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AsiaIndia: a major power that prefers to take a neutral stance

India: a major power that prefers to take a neutral stance

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NETHERLANDS, April 1 – News item | 01-04-2022 | 17:22

India is a major player on the world stage and in the Pacific, and on many issues it adopts a neutral stance vis-à-vis other major powers like Russia, China and the US. President Kovind’s coming state visit to the Netherlands is a sign of the good relations that India and the Netherlands have enjoyed for the past 75 years.
India is not just a country; it is a veritable subcontinent. With its 1.4 billion people – a sixth of the world’s population – it’s an Asian giant and the world’s largest democracy. In economic terms, it’s also a force to be reckoned with: by 2030 India is expected to have the third-biggest economy in the world. In political terms, India is also playing an increasingly significant role on the world stage.

This week (starting April 4th) Indian President Ram Nath Kovind will visit the Netherlands, his first state visit since the global COVID-19 pandemic, which has also had a severe impact on India over the past two years. The visit is a sign of the good ties between India and the Netherlands. Our countries work together on a variety of issues, including water management and flood protection, agriculture, healthcare and sustainable energy.


India and the Netherlands have worked together for some time on matters of water scarcity, water security and water quality. In the Indian state of Kerala, the Netherlands has served in an advisory capacity regarding the construction and maintenance of drainage infrastructure for the enormous amount of rainwater that falls during monsoon season. In addition, heavily polluted water in the Ganges basin in Uttar Pradesh is purified with the help of Dutch expertise.

This state visit by President Kovind also marks the start of the celebrations of 75 years of diplomatic relations between the two countries. A few weeks before India became independent on 15 August 1947, the Dutch ambassador, A. Lamping, arrived in New Delhi. He got there just in time to hand over his letters of credence to the British viceroy, Lord Mountbatten. As a result, the Netherlands was able to establish diplomatic ties with the newly independent India, becoming only the third country to do so, after the US and China.


India is pursuing an increasingly active role on the world stage. It has provided troops to 49 UN missions, and for years it has been campaigning for a permanent seat on the UN Security Council. Since 2007, together with the US, Australia and Japan, it has formed part of the Quadrilateral Security Dialogue (Quad), a forum in which these four countries are in regular contact and hold joint military exercises.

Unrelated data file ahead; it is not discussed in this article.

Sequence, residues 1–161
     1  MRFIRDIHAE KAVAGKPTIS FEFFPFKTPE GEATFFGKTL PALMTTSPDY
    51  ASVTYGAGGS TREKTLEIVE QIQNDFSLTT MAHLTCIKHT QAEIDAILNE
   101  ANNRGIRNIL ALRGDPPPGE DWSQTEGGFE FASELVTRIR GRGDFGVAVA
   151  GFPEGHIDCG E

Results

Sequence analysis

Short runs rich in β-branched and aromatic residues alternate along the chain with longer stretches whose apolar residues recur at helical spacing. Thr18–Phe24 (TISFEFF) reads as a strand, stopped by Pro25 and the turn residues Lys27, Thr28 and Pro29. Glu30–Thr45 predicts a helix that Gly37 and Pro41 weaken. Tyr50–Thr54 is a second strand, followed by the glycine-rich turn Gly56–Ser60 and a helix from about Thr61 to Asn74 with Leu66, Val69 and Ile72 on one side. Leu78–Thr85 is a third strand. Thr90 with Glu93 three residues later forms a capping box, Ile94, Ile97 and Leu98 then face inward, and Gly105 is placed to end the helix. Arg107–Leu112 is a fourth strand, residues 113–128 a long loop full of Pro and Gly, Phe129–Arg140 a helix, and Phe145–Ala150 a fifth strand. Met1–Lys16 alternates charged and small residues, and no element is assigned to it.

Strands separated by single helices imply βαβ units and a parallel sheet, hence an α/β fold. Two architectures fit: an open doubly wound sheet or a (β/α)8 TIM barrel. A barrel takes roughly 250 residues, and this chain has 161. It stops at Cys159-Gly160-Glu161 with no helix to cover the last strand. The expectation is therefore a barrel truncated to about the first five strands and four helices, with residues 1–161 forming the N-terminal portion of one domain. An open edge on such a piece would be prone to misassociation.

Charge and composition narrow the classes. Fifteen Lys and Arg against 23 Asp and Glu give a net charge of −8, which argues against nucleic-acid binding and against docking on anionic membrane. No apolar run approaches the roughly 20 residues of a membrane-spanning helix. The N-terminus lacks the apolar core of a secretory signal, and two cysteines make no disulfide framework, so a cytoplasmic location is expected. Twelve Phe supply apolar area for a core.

Despite its growing international role, India’s main focus continues to be on domestic issues. The COVID-19 crisis has exacerbated the country’s social and religious differences and negatively impacted human rights.

This is an issue that India mainly regards as a domestic matter, however. At times, it can be very difficult for non-governmental organisations in the field of human rights to do their work in India. Two years ago, Amnesty International closed its offices in the country after the Indian government froze its bank accounts. Prior to that, Amnesty had published critical articles on human rights violations being committed against various groups in the country, including Muslims.

Human rights dialogue

That said, Europa and India are engaged in a human rights dialogue. At the dialogue held in April 2021 in New Delhi, the EU and India agreed to meet and hold discussions on an annual basis.

In many international issues – the war in Ukraine being a recent example – India adopts a neutral position. It has been one of the few countries not to condemn Russia’s invasion of Ukraine, and it maintains good relations with both countries. That opens up opportunities for mediation. India seeks to follow the middle way in this regard.


In recent years, the European Union has actively sought to collaborate with India on various issues. Major international issues, such as climate change, cannot be addressed without India’s involvement. At last November’s climate summit in Glasgow, major polluters China and India both voted against phasing out coal.

At the same time, India is taking steps to expand its use of sustainable energy and deal with climate change. The country has one of the fastest-growing proportions of sustainable energy usage in the world. What’s more, the first fully electric car made in India recently rolled off the production line; and a great deal is also being done in terms of innovation. In that connection, the European Union is working closely with India on innovation and knowledge-sharing in relation to sustainable energy. India recognises that sustainable energy and technology are not only the way of the future but also that they can yield substantial economic gains.

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